No. 58. The charm
In the Jowa era (1345-9) the Kamakura region was in great terror from raids of brigands in the aftermath of the civil war. At the request of the country people, some of the temples began to produce amulets, charms against robbers, for distribution to their followers.
But the Zen temples, which have never recommended such
things, refused to follow the lead of the other temples, and did not give out any amulets.
At the time, the Jizo at Saida was talked of far and wide for its spiritual power in warding off danger, and many people came to the temple to pray before it.
So Yuiheita Tomochika, a country samurai of Koshigoe, and a follower of Zen, during a visit to the Buddha hall had an audience with priest Kakkai, to make a request. He explained the general fear of robbers, and begged again and again that the priest would follow those of other temples, and give him an amulet charm. Then Kakkai at once took up a brush and wrote a single character on a piece of paper, sealed it, and gave it to him as a charm.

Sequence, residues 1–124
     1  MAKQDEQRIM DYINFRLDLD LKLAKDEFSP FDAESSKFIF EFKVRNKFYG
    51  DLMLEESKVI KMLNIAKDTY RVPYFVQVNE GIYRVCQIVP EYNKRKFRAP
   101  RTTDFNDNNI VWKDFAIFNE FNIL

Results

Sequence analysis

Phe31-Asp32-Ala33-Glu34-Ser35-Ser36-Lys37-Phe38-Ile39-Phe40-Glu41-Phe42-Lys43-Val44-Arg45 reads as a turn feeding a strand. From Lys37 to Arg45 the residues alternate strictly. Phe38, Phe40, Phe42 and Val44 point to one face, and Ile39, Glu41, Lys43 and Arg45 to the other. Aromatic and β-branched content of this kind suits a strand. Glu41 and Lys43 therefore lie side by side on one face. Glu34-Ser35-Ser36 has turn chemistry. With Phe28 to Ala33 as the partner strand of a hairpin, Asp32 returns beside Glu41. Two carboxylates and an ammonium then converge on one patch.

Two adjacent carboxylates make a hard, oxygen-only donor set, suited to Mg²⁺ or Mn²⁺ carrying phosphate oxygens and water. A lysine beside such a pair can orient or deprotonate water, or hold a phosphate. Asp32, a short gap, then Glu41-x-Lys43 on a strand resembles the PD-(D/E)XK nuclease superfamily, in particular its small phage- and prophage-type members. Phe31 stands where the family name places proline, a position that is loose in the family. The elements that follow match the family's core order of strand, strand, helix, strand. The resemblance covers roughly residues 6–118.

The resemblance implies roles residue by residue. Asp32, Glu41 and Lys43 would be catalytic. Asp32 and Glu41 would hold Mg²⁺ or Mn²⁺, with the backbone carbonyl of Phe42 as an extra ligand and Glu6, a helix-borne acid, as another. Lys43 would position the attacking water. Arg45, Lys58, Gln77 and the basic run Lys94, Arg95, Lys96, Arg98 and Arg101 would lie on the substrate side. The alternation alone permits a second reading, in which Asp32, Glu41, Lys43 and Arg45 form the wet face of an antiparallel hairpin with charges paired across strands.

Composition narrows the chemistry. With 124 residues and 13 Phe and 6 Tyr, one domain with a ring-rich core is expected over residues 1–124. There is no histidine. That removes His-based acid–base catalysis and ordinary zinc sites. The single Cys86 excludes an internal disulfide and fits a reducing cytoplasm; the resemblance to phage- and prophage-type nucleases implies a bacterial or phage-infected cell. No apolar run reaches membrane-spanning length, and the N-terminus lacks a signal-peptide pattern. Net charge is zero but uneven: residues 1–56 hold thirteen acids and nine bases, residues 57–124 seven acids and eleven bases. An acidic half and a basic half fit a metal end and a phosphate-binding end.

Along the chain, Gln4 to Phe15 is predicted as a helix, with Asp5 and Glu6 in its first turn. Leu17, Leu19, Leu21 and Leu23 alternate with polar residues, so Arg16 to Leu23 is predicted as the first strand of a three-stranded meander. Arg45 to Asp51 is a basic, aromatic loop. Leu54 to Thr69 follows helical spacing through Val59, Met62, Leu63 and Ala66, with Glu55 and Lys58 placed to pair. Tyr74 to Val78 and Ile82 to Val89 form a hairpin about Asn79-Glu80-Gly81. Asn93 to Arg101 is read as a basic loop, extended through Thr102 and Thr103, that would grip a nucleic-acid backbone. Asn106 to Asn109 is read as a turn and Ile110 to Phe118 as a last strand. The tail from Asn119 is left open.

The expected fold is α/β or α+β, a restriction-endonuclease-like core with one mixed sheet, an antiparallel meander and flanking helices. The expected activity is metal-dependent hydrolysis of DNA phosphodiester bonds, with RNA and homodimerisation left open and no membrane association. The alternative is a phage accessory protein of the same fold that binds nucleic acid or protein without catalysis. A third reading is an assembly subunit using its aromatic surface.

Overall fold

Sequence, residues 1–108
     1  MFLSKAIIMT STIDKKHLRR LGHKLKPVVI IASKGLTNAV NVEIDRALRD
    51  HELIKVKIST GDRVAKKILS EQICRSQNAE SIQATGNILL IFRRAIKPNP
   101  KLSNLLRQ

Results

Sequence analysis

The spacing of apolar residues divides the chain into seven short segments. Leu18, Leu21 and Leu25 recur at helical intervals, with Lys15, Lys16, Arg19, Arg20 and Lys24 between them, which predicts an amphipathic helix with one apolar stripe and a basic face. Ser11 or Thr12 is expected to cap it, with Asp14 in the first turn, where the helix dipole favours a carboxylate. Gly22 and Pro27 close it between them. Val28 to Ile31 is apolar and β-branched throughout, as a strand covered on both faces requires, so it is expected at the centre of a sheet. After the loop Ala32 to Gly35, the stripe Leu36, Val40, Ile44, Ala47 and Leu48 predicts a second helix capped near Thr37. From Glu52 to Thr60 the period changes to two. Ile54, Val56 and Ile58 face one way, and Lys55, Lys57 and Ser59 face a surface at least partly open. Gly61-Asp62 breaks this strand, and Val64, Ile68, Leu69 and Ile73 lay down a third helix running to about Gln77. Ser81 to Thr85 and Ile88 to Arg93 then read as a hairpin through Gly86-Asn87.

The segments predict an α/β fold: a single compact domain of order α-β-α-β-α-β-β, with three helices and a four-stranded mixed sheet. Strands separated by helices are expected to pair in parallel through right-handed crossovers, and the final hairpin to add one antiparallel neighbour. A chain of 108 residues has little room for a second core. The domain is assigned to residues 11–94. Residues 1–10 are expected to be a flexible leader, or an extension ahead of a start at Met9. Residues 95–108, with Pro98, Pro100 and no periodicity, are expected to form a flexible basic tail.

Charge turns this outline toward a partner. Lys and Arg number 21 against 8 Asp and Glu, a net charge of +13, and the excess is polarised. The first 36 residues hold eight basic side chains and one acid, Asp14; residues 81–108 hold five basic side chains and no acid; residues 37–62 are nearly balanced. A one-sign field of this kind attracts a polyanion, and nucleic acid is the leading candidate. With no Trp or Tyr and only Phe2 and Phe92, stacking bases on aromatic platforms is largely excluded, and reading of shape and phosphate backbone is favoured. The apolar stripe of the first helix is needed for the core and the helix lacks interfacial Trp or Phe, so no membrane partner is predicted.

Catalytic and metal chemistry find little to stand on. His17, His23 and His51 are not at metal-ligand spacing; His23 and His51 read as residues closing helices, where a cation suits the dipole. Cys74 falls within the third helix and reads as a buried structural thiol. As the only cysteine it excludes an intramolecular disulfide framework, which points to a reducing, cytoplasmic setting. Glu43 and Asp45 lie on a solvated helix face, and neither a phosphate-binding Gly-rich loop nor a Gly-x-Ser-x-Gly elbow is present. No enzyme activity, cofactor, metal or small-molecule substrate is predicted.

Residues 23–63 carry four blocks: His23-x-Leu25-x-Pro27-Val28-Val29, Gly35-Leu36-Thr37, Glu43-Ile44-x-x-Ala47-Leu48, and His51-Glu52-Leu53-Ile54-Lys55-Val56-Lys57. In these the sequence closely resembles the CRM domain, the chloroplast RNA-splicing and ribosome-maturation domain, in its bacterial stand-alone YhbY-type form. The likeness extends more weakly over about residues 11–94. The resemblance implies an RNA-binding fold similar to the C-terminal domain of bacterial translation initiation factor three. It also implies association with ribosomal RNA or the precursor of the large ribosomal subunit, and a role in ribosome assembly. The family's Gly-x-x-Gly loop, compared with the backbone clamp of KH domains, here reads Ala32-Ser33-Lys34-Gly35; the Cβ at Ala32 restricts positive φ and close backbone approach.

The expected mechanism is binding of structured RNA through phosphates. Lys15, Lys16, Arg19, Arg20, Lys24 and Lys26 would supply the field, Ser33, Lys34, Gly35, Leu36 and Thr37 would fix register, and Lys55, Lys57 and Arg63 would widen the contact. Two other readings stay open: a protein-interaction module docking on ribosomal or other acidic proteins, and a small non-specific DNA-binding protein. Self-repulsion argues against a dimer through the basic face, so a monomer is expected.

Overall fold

Yuiheita reverently put it to his head. Then, it is said, for two nights he meditated till he penetrated into it, and so became completely free of fear.
What could be the virtue of a single character as a charm?
What was that one character on which Yuiheita meditated and became free of fear?
This became a koan at the interviews of Daisetsu, the 69th master at Kenchoji.